We were met at 7:30 by Mary and our guide, John Alexander. The first part of our day included a tour to the Uros floating reed islands. Mary left us after we crossed the train tracks in front of our hotel to get to the pier where our private boat was docked. It was a 25-passenger boat. But since we had booked a private tour, it was just the six of us plus our guide and the two boatmen.
After traveling through acres and acres of tall reeds, we came to a “toll-like” hut where our guide paid our entry fee to the floating islands.
Imagine our shock when we saw islands literally made of nothing but reeds lashed together. They appeared to be at least a full meter thick with multiple layers of reeds lashed together with rope. We learned that the islanders need to repair their islands twice a month as the organic material of which they are made eventually decomposes.
We also learned that a boat made entirely of reeds will last only 7 or 8 months, while boats that are filled with plastic bottles and then coated with reeds can last up to two years. The plastic bottles make ideal flotation devices. And, it’s a great way to recycle the bottles since they can be used over and over again.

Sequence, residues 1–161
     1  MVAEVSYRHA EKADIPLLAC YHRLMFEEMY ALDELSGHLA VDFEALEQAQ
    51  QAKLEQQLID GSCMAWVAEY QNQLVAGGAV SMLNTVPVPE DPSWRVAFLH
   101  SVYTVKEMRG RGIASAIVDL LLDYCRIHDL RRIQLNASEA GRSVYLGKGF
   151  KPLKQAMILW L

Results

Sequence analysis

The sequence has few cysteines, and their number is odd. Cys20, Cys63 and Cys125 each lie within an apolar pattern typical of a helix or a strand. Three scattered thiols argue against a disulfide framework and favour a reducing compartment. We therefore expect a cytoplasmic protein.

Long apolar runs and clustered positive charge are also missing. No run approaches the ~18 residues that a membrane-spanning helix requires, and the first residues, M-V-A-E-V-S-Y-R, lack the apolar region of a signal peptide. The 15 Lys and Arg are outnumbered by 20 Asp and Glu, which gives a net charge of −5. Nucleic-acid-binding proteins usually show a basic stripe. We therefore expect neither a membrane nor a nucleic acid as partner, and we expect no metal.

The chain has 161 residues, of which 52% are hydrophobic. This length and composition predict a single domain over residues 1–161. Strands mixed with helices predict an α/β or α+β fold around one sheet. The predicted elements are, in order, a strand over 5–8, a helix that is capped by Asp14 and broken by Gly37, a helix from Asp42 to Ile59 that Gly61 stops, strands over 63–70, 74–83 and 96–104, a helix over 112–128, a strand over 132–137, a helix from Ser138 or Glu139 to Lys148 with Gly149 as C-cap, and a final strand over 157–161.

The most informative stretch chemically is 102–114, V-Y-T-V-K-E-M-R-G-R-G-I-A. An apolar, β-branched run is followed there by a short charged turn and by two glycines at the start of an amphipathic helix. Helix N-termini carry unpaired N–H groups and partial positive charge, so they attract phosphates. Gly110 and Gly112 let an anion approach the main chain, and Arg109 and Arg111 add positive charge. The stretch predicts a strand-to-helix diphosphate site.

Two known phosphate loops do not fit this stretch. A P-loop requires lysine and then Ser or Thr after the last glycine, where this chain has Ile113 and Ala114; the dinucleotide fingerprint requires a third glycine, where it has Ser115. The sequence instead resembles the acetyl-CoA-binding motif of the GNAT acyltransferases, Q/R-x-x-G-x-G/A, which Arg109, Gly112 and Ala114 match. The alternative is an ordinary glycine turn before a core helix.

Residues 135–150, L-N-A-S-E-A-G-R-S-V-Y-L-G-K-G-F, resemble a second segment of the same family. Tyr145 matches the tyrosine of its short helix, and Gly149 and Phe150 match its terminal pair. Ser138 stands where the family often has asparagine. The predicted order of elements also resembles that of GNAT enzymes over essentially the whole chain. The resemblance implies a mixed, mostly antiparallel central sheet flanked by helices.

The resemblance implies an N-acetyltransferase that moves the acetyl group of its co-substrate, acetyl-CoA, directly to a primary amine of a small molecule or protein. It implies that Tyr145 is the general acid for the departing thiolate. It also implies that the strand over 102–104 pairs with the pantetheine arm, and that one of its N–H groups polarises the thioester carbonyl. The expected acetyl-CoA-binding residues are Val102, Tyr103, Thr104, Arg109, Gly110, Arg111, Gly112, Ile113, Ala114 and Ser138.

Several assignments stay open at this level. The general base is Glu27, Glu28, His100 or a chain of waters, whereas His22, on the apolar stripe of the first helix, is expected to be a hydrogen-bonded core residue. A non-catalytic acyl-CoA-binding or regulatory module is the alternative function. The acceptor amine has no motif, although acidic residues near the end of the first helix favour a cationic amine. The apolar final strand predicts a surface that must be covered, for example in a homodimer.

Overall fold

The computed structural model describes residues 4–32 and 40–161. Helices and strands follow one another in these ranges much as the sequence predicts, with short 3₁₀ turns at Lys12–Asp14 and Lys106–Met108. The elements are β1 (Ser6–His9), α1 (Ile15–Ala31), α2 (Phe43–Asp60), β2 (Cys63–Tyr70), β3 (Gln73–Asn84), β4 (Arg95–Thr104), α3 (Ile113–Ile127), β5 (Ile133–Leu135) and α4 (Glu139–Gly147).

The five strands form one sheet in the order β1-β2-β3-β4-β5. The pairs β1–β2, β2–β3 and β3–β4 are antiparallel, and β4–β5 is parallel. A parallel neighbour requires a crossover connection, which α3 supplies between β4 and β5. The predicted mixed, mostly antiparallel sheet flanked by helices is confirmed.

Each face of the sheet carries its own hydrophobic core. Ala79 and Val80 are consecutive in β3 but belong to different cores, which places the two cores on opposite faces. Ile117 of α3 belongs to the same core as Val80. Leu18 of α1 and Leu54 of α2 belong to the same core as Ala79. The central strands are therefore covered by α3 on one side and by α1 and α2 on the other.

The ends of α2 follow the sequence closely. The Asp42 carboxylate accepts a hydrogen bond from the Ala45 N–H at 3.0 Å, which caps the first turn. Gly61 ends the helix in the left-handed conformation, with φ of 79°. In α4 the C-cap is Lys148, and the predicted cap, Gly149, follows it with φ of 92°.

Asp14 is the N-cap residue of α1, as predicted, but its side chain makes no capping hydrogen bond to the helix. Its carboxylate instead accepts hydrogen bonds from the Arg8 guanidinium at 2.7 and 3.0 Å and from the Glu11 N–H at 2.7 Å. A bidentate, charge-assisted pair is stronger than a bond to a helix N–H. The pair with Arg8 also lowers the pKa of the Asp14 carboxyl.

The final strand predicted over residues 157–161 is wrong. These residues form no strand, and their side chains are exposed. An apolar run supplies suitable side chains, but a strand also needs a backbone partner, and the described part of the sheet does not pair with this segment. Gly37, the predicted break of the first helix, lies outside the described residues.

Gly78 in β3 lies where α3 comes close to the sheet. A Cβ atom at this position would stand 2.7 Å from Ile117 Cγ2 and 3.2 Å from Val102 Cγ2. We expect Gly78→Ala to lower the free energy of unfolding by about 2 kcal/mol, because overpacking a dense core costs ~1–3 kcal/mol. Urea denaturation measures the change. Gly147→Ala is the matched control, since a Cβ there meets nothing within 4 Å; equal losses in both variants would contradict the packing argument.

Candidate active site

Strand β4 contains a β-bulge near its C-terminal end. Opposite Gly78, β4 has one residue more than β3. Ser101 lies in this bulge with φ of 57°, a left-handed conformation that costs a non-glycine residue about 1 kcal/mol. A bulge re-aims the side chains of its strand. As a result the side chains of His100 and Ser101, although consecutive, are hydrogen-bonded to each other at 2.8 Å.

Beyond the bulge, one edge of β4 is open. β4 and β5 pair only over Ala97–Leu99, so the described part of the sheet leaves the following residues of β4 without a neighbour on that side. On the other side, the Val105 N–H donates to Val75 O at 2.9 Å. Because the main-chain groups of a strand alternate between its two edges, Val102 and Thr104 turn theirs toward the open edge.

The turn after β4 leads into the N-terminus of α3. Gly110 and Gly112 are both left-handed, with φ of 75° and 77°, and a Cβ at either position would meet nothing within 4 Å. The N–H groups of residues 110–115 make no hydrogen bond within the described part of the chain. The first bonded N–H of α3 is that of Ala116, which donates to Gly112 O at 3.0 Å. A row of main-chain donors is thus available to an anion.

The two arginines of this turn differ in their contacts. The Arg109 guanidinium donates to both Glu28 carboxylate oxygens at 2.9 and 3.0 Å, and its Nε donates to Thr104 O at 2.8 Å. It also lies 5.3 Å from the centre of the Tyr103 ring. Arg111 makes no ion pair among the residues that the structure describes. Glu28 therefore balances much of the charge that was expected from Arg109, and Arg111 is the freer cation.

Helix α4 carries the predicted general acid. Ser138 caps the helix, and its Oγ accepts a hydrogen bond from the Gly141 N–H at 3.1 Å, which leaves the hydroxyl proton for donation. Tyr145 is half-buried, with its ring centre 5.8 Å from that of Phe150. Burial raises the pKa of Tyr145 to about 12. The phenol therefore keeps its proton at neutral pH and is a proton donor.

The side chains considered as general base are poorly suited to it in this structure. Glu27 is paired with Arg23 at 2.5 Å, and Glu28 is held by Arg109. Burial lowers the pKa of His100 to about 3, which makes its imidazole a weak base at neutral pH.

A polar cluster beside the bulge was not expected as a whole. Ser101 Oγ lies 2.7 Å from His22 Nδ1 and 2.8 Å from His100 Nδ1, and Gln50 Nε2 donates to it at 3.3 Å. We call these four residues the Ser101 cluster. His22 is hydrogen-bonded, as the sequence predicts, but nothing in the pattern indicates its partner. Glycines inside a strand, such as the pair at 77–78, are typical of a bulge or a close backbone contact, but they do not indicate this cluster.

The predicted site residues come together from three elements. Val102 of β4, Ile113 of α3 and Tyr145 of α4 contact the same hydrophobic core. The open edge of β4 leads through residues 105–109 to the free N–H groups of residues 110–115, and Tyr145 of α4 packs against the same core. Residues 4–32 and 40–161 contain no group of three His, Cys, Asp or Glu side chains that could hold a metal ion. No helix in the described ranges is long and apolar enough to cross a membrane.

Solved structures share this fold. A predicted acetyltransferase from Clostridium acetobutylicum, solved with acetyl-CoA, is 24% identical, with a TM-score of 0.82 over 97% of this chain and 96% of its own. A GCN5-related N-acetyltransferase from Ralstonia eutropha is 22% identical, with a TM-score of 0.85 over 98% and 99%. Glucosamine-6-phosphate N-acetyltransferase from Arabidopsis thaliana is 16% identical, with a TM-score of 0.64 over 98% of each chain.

We got off on one of these fairy tale like islands and were greeted by what appeared to be a family of about 12 people. We visited their reed houses and shopped for some beautiful tapestries that bespoke of their history, pillow covers made of soft baby alpaca with designs of their heritage, and assorted jewelry (made of clay), mobiles, and whatnot. The souvenirs we bought on the Uros Islands were very inexpensive relative to some of the other places we stopped at during the course of our trip.
The head of the family and his young wife (21 years old) proceeded to show us how they made the islands. In addition, he had us try to guess the depth of the anchors that kept these islands in place. It turned out that these islands were anchored at a depth of approximately 58 feet. We visited their reed homes which were obviously quite spare. Of course, we did see that they had television sets in their huts with a satellite dish that would be for all members who lived on the island. We saw their “kitchen” (of course outside of their huts) with their cooking utensils.
Generally, two or three families live on each island. However, in case of a disagreement between families, they literally separate by sawing off a piece of the island and setting the offending family out to sea.
The Uros support themselves primarily through fishing and handicrafts. It’s not an easy existence – particularly during the rainy season from December to April when it rains for a few hours just about every day. Even though we were at the beginning of the dry season, we still had rain in the evenings for 1 to 2 hours.
And, the Uros have to row about 20 minutes to get to their “toilet” facilities where they literally dump their “waste” into Lake Titicaca. Small children use chamber pots until a group of adults all head to their toilet facilities in groups of twos and threes. All bathing occurs in the lake alongside their floating islands.